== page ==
Minneapolis City Council makes Juneteenth official city holiday

The holiday’s formalization will offer city employees paid time off.

About 300 people gathered outside the Minnesota Capitol on Juneteenth last year to demand reparations for slavery. (Fibonacci Blue/Flickr)

The Minneapolis City Council announced that Juneteenth will be an official city holiday beginning this summer.

“Today the council recognizes the significant value that our African American employees bring to the City of Minneapolis. We join Hennepin County and so many other jurisdictions throughout the county in acknowledging this stain in American history,” City Council Vice President Andrea Jenkins said in a press release.

“This is an important step in recognizing the reach of the hideous system of slavery within American history and the impacts that continue to show up today,” Jenkins added.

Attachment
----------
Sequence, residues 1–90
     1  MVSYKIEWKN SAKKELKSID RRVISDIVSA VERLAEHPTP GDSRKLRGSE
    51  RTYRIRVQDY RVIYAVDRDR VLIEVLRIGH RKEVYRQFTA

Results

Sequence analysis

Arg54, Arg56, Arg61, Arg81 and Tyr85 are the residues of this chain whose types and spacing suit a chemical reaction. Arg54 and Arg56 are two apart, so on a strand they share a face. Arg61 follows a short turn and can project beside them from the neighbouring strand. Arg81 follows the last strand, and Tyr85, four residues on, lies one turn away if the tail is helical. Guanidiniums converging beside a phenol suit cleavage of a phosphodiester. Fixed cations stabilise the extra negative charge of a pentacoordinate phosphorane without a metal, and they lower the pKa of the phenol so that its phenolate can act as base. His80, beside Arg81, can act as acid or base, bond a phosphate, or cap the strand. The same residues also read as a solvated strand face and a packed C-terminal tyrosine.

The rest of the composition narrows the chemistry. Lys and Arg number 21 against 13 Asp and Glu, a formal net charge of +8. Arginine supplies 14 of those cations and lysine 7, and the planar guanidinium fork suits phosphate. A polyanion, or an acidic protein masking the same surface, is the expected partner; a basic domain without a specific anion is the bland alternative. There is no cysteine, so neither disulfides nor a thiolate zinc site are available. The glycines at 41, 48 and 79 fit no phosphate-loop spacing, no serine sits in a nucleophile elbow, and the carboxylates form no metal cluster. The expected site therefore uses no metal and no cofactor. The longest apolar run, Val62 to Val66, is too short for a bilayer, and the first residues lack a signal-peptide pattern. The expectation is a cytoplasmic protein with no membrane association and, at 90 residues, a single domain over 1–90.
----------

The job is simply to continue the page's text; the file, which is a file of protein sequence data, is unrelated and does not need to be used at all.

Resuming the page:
The holiday observed on June 19 commemorates the day America’s last slaves were freed in 1865. Juneteenth celebrates the liberation of African Americans two and a half years after the signing of the Emancipation Proclamation.

The holiday’s formalization will offer city employees paid time off. The decision was made after several local employers said they will give their employees that day off to honor George Floyd’s death, as reported by the Star Tribune. Because June 19 falls on a Saturday in 2021, Minneapolis is expected to suspend non-essential work on June 18 in recognition of the holiday.

Mayor Jacob Frey signed the measure Monday. He stated, “Creating a truly more inclusive workplace won’t happen through any single action, but establishing Juneteenth as a permanent, official City holiday is a step in the right direction and an important acknowledgement of our history and African American experiences.”

Employees of Hennepin County will also be given Juneteenth as a paid holiday this summer, and county offices will be closed on Friday, June 18 to recognize the holiday, according to a press release.

Juneteenth is not the first holiday Minneapolis has established in an attempt to reconcile race relations in Minnesota. In 2014, the council replaced Columbus Day with Indigenous People’s day to honor Native Americans.